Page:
nutrients Article

A Validation Study of an Interviewer-Administered Short Food Frequency Questionnaire in Assessing Dietary Vitamin D and Calcium Intake in Swedish Children Lotta Söderberg 1 , Torbjörn Lind 2 , Pia Karlsland Åkeson 1 , Ann-Kristin Sandström 2 , Olle Hernell 2 and Inger Öhlund 2, * 1 2


Department of Clinical Sciences, Paediatrics, Lund University, SE-22100 Lund, Sweden; [email protected] (L.S.); [email protected] (P.K.Å.) Department of Clinical Sciences/Pediatrics, Umeå University, SE-90185 Umeå, Sweden; [email protected] (T.L.); [email protected] (A.-K.S.); [email protected] (O.H.) Correspondence: [email protected]; Tel.: +46-907-852-136; Fax: +46-90-123-728

Received: 9 April 2017; Accepted: 28 June 2017; Published: 30 June 2017

Abstract: Vitamin D and calcium are essential nutrients with a range of biological effects of public health relevance. This study aimed to validate a short food frequency questionnaire (SFFQ) against a three-day food record (3D record), assessing the intake of vitamin D and calcium in Swedish children during wintertime. In a double-blinded, randomized food-based intervention study on the effect of feeding different daily doses of vitamin D supplement to 5–7-year-old children (n = 85), 79 (93%) participants completed SFFQ1 at baseline and SFFQ2 after the intervention, and 72 were informed to fill in a 3D record. The 28 (39%) children who completed the 3D record were included in this validation study. The baseline level of serum-25 hydroxy vitamin D [S-25(OH)D] was used as a biomarker. The correlation between all three instruments were moderate to strong. SFFQ2 and the 3D record correlated moderately to S-25(OH)D. Bland-Altman analysis showed that SFFQ2 overestimated vitamin D intake by on average 0.6 µg/day, (limits of agreement (LOA) 5.7 and −4.6 µg/day), whereas the intake of calcium was underestimated by on average 29 mg/day, (LOA 808 and −865 mg/day). Finally, the validity coefficient calculated for vitamin D using the method of triad was high (0.75). In conclusion, this SFFQ, assessed by a dietician, is a valid tool to assess dietary vitamin D and calcium intake in groups of young children. Keywords: dietary assessments; three-day food record; child; 25-hydroxy vitamin D

1. Introduction Vitamin D and calcium are two essential nutrients important for bone and dental health [1,2], and have a range of biological effects of public health relevance [3,4]. Vitamin D status is typically assessed as 25-hydroxy vitamin D [25(OH)D] in plasma or serum (S), as it reflects the sum of vitamin D from sunlight exposure and dietary sources [4,5]. Foods in general contain relatively minor amounts of vitamin D, the major sources being oily fish, egg, and vitamin D-fortified foods [6,7]. In Sweden, margarines and low fat milks are fortified with vitamin D3 [8] . Dietary sources of calcium are mainly dairy products [6,7]. In the Nordic Nutrition Recommendations (NNR 2012) [9] the vitamin D intake recommendation is 10 µg/day for children and the recommendation for calcium intake is 600 mg/day for children 2–5-years-old and 700 mg/day for children 5–9-years-old. While calcium intake seems to be adequate in most children below 9 years of age [7,10], several studies denote low intake of vitamin D [7,10,11], resulting in insufficient vitamin D status [11–17] in this age group. Nutrients 2017, 9, 682; doi:10.3390/nu9070682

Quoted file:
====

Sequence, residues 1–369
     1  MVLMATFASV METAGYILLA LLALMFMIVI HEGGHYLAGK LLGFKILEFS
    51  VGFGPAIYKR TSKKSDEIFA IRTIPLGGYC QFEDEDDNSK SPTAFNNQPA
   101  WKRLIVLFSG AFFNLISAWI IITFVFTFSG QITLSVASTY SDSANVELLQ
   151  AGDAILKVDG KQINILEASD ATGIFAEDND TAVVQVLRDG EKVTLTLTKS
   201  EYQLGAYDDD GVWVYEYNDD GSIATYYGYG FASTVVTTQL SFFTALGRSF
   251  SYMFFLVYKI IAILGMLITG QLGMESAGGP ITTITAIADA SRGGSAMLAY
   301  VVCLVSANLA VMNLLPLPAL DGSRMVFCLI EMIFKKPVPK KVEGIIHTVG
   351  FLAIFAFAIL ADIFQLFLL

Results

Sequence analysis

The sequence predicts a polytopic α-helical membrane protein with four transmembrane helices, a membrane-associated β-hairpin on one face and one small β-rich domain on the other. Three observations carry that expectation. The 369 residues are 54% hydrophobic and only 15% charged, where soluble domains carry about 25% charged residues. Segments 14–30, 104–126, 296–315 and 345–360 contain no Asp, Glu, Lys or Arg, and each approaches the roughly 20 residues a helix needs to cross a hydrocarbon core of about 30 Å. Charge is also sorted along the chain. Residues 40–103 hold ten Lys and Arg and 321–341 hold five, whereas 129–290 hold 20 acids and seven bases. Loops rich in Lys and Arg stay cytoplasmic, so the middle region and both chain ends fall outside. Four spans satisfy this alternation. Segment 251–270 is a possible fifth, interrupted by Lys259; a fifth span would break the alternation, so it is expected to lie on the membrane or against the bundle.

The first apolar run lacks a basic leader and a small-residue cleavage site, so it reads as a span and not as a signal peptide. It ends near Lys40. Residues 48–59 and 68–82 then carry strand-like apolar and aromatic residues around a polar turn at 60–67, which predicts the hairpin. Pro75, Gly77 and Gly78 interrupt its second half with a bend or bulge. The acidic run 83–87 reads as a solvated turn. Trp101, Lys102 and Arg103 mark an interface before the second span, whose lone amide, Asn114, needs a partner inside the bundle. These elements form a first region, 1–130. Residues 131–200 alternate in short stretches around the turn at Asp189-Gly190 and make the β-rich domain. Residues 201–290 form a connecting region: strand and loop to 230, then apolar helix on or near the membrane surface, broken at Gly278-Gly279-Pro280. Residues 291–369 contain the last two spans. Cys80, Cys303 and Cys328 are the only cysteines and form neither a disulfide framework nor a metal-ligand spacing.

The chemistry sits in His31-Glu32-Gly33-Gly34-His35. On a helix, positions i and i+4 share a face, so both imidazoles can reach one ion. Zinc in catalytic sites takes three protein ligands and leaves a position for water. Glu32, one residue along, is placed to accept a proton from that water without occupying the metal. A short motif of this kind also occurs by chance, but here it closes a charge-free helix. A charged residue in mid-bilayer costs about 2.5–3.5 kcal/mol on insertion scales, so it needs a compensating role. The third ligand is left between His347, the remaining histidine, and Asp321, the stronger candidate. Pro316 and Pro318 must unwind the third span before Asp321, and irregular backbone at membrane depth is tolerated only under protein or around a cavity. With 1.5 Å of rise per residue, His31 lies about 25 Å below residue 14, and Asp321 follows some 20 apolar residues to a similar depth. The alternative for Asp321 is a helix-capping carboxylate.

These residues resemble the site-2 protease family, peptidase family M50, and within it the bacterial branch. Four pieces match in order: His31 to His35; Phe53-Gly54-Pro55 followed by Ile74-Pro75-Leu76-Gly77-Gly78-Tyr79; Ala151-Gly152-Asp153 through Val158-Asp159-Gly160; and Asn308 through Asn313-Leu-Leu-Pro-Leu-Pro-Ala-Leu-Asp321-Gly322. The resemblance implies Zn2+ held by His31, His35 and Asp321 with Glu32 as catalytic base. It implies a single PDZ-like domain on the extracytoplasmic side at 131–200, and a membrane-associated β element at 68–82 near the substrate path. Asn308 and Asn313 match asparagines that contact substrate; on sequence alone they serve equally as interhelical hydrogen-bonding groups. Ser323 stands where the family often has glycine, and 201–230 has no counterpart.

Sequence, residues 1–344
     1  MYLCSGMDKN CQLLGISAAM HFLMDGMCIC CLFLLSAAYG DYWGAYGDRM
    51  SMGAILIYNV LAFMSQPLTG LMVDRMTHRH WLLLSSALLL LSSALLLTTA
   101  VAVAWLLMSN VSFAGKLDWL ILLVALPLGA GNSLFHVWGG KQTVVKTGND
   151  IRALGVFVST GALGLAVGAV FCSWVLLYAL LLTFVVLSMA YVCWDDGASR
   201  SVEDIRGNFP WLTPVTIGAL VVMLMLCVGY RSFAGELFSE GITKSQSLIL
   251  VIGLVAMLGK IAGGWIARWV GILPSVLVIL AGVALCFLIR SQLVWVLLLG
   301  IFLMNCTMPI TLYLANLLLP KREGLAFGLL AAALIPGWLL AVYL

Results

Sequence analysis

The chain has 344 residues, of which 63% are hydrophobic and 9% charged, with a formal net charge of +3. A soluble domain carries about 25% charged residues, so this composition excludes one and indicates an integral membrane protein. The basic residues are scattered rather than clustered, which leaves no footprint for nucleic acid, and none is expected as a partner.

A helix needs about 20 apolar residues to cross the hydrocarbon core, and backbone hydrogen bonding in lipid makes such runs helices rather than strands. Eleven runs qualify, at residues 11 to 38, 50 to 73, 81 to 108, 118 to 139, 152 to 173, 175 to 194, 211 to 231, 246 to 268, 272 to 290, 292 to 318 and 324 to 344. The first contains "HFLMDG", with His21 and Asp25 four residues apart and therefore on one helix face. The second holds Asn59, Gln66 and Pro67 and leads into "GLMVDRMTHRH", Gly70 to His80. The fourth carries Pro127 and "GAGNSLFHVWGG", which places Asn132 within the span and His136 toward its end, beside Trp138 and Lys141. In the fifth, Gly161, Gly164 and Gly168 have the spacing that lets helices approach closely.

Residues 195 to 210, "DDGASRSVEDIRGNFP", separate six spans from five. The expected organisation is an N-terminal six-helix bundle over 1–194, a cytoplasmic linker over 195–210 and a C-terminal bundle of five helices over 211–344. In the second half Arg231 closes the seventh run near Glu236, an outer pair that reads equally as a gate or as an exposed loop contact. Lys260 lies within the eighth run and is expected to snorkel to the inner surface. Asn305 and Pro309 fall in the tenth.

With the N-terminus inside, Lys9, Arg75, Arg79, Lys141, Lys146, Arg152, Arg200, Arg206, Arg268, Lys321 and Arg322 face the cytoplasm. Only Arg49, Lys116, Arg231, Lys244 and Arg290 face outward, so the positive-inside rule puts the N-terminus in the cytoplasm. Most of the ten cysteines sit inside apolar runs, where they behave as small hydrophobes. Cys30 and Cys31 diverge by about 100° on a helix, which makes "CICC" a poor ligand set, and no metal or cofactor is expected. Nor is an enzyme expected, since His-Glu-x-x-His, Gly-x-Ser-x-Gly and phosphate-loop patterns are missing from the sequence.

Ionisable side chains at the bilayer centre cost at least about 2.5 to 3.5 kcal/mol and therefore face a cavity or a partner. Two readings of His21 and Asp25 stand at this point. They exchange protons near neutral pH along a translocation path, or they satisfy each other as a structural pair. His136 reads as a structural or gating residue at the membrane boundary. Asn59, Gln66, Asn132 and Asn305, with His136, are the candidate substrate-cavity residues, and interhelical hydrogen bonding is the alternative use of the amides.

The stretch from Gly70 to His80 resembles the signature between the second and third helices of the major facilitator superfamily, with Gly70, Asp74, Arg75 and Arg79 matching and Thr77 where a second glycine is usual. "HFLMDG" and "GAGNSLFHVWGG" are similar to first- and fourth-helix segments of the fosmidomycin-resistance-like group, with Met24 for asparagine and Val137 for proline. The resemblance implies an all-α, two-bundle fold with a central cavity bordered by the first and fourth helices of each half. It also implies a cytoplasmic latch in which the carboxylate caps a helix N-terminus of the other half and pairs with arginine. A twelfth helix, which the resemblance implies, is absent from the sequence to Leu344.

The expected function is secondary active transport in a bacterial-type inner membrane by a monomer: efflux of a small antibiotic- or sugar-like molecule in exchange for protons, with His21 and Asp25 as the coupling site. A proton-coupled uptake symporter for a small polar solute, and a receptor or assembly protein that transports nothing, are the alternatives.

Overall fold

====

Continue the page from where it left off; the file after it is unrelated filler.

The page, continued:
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To assess the dietary intake of vitamin D and calcium, valid, reliable, and easy-to-use screening instruments are preferred both for clinical assessments and in scientific studies. The food diary or food record is one method to measure energy and nutrient intake in a valid and reliable way [18], and often described as “golden standard” [19]. Short food frequency questionnaires (SFFQs) are other valid screening instruments for estimating nutrient intakes if designed, validated [20], and used for specific groups [21], particularly if foods consumed on not a daily basis are to be captured. When judging and comparing calculated nutrient intakes, the methods uses to collect and calculate data should be comparable and validated [20]. Therefore, SFFQs used for calculating vitamin D and calcium intake should be validated, where many vitamin D-containing foods, which may not be consumed daily, can be captured. The aim of this study was to validate the agreement of a new SFFQ for vitamin D and calcium intake during wintertime in young Swedish children with a three-day food record (3D record) with a hypothesis of good agreement and correlation, also using the method of triads. 2. Methods and Subjects 2.1. Study Design This validation study was part of a longitudinal, double-blinded, randomized food-based intervention study on the effect of feeding different daily doses of vitamin D supplement to 5–7-year-old children. The study was conducted during late fall and winter (November 2012 to March 2013) when there is only minor sunshine and cutaneous synthesis of vitamin D is unlikely (“wintertime”). Children were recruited from well-baby clinics and school healthcare programs. Inclusion criteria to the food intervention study were the age of 5–7 years, and the absence of gastrointestinal disease or cow’s milk allergy. In total, 85 children living in the city of Umeå in northern Sweden (63◦ N) were included. Umeå is a university city with 120,000 inhabitants. Parents not fluent in Swedish were assisted by an interpreter at the study visits. In this study, a newly developed SFFQ was used first at baseline (SFFQ1) before the vitamin D supplements were introduced, and again three months later at the follow-up after the intervention (SFFQ2). A questionnaire was used to gather information in sex, ethnicity, parent’s education, day-care and school attendance, data on outdoor time activity, use of sunscreen during sunny days or visits to sunnier destinations at substantially lower latitudes, as well as general health and socioeconomic data. If the child was to visit a sunny country during the study period, the parents were recommended to use sunscreens with high sun protection factor for their child. At follow-up, all parents sufficiently competent in Swedish writing were asked to fill in a 3D record to be completed during the following 2–3 weeks. To be able to compare the vitamin D and calcium intake in the two SFFQs and 3D record, only ordinary foods were calculated while the supplements of 10 µg and 25 µg or placebo used during the intervention were excluded in the validation protocol. Children who did not complete the two SFFQs were excluded from this study. The group of children included in the validation study had completed the SFFQ1, SFFQ2, and the 3D record and were compared to participants in the group of non-completers, who only completed SFFQ1 and SFFQ2. Reasons for not completing the food record and two SFFQs were not asked for. The study was approved by the Ethics committee of the Medical Faculty of Umeå University and registered at (identifier NCT01741324). 2.2. Dietary Assessment and Calculations A research dietician assessed food intake with the interviewer-administered SFFQ at baseline and follow-up during study visits. A short food frequency questionnaire was also chosen to capture less commonly consumed foods with respect to vitamin D intake. The SFFQ included 16 food items known to be important sources of vitamin D and calcium among children in Sweden. The SFFQ is estimated to cover about 98% of dietary intake of vitamin D and 80% of calcium [7]. Ten number of frequencies of monthly, weekly, and daily food intake were recorded, ranging from never to once a month; one to